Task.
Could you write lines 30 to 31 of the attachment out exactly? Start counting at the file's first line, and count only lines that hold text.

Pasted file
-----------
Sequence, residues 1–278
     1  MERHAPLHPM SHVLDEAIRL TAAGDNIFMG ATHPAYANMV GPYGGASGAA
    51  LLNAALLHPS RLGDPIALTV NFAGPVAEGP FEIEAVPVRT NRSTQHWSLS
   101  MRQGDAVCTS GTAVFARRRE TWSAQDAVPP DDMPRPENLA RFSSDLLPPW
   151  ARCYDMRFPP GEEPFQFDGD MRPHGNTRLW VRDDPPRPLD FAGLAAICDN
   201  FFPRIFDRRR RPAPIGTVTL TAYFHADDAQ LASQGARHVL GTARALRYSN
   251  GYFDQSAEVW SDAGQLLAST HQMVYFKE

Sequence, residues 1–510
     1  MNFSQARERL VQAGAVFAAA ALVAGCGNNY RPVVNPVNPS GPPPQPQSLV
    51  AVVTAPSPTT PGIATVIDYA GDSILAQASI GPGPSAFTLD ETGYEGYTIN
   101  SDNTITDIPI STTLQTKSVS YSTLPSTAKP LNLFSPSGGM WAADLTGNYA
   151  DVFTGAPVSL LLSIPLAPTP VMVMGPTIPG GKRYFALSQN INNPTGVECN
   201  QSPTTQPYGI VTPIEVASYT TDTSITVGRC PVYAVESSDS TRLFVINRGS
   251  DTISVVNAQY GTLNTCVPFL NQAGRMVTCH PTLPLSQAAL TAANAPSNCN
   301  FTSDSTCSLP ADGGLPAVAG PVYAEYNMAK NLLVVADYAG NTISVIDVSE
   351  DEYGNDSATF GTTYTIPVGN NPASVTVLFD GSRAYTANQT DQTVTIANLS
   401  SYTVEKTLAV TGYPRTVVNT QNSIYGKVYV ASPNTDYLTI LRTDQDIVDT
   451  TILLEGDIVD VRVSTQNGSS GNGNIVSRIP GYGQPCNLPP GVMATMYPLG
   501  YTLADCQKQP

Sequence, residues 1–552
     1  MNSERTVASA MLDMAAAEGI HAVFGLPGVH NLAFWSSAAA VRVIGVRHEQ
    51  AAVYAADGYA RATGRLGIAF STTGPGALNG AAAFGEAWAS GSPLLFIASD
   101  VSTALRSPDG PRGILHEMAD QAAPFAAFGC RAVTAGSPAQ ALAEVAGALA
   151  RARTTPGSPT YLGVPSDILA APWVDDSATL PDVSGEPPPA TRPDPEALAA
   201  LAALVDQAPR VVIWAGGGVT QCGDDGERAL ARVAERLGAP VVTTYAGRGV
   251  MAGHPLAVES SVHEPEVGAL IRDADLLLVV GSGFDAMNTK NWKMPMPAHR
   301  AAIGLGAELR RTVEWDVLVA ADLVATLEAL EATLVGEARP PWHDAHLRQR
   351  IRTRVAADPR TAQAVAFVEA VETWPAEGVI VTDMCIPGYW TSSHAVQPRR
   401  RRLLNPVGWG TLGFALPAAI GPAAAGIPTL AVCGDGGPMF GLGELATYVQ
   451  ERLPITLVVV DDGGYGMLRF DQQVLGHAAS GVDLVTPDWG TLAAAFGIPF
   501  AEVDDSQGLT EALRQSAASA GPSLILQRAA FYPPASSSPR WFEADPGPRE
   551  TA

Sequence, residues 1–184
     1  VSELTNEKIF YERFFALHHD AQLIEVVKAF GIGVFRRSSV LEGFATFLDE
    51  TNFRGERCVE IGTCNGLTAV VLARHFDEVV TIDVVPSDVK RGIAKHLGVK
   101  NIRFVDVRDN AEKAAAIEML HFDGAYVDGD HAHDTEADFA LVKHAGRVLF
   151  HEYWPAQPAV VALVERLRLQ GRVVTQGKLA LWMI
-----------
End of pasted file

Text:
   451  ERLPITLVVV DDGGYGMLRF DQQVLGHAAS GVDLVTPDWG TLAAAFGIPF
   501  AEVDDSQGLT EALRQSAASA GPSLILQRAA FYPPASSSPR WFEADPGPRE